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Baucus, Crapo Re-introduce Bill to Repeal the RAT

(Updaed 11 a.m. April 24, at end of article)

Tomorrow, Senator Max Baucus (D-MT) and Mike Crapo (R-ID) will take another swing at the Federal Lands Recreation Enhancement Act (FLREA)–or Recreation Access Tax (RAT) to its detractors–by re-introducing their bill to repeal the law and start over with a sensible fee policy. The bill is identical to the bill that died last year at the end of the 110th Congress.

“Every tax day we pay to use our public lands, we shouldn’t be taxed twice to go fishing, hiking, or camping on OUR public lands,” Baucus told NewWest.Net today. “Paying twice just doesn’t make any sense. That’s why I’m going to fight to get this bill passed.”

Back in December 2004, in the waning hours of the 108th Congress, a month after George W Bush was re-elected, Congressman Ralph Regula (R-OH) attached FLREA as a rider to a must-pass omnibus spending bill and presto, the RAT was the law of the land with no direct vote of Congress and minimal opportunity for public input.

Since then, federal agencies, especially the Forest Service (FS), have been in a frenzy creating and raising fees for use and access to federal lands. Idaho and Montana have had fewer fees and fee increases than most states because the FS knew their local senators didn’t support the fee-charging policy to pay for use and access of land owned by all Americans, believing instead that people pay for this on April 15 every year. But in most other states with significant acreages of national forests such as Arizona, California, Colorado, Oregon and Washington fees have experienced a steady increase in fees since 2004

“If people are going to care about our natural resources,” Kitty Benzar, President of the primary nonprofit group working to repeal FLREA, the Western Slope No-Fee Coalition, told NewWest.Net, “they have to get outdoors and experience nature, and they shouldn’t have to buy a ticket to look at a tree. The stress we are all under in the current economy underscores the importance of simple joys like going for a walk in the woods without having to weigh how much that costs.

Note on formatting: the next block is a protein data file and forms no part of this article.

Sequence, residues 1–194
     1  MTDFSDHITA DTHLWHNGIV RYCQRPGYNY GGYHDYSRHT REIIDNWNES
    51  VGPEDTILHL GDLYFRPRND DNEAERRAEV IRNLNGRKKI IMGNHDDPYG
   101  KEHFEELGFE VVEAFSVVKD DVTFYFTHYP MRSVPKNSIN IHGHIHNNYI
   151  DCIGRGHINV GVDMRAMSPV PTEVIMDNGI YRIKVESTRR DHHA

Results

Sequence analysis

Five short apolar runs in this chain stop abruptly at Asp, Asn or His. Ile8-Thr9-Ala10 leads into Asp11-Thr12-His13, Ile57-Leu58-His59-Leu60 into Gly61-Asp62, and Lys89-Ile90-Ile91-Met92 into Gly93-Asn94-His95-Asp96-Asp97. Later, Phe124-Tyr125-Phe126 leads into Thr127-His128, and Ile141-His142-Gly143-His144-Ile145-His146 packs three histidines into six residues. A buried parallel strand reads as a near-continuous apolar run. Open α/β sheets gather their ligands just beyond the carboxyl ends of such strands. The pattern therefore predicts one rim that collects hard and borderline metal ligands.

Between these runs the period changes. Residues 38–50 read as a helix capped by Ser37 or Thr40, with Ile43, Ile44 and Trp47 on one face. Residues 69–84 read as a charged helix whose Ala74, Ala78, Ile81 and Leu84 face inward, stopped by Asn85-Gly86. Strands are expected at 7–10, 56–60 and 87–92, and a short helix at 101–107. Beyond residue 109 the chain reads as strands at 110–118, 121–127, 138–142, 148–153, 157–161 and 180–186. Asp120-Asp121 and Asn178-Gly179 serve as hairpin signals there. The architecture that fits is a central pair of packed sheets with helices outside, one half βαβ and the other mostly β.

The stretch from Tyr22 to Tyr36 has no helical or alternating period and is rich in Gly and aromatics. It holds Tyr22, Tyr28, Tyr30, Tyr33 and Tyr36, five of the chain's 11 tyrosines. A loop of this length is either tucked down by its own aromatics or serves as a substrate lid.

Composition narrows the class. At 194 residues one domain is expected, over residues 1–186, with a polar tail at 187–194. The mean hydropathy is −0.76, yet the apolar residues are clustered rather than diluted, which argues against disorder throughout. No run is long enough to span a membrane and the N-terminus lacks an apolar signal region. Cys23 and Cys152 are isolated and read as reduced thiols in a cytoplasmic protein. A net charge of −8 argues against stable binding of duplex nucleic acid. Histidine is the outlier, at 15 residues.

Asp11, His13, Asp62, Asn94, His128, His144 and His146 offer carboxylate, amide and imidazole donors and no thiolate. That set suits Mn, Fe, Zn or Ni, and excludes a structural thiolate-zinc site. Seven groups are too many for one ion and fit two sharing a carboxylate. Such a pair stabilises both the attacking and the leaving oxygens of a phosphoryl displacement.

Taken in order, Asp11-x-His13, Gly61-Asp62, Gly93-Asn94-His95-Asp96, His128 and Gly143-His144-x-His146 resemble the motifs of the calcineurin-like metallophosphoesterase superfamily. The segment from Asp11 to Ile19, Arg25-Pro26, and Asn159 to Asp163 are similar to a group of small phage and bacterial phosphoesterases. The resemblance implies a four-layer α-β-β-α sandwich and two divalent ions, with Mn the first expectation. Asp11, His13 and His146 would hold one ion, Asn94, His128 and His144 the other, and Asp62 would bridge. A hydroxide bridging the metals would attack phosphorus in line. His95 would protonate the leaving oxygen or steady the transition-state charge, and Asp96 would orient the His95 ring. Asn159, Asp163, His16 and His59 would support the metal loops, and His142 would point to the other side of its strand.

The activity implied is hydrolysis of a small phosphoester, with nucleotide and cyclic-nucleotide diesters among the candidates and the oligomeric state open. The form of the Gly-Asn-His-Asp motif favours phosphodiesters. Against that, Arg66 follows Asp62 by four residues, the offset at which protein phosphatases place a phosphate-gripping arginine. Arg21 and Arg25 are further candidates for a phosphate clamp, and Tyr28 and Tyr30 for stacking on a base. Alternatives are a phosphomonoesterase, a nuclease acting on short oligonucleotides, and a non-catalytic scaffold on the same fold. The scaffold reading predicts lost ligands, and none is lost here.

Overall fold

“As fee programs have grown and multiplied, visitation to public lands has fallen,” she noted. “That hurts us because we spend too much time indoors, and it hurts local economies that depend on visitors coming to enjoy the public lands. But it has also hurt the public lands agencies, because they are slowly but steadily losing their constituency of people who care whether they have the resources they need to do a good job.

“The Fee Repeal Bill is a great step toward restoring the access to nature that we all need and deserve,” Benzar concluded. “The best things in life used to be free, and it’s high time they were again.”

Update: The repeal bill has been assigned the number, S. 868, and Senator Jon Tester (D-MT) has joined as a co-sponsor.

For a long list of related articles, click here.

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  1. Good to see them finally going after this again although I’m skeptical of returning to LWCF regulations, but using one side’s propaganda in the title of the article is poor journalism, in my opinion.

  2. So long as you’re of the opposite persuasion, I suspect that is true…

  3. Horst, I’m in favor of refining FLREA, more specifically I’m in favor of reigning in the Forest Service from their usual shenanigans and complete disregard for public input.

    I’m also for good journalism.

  4. This is all well and good, I hate paying fees myself, but as a recreation manager that has seen a steady decrease in funding for my entire professional career, I could only lock the gates at most of our facilities without the extra revenue from fee use. This year alone we got a 48% cut in our recreation facilities budget. That is not a typo! This while the cost of standard operation requirements, ie., pumping toilets, cleaning and stocking restrooms, water testing, garbage collection, etc. has skyrocketed. Last time I researched the amount of tax dollars that went to my agency, it was something like .001 penny for every dollar. Divide this figure by the 15 or so different programs and you will see that a taxpayers contribution to a public campground over the taxpayers entire lifetime would not buy me one roll of toilet paper.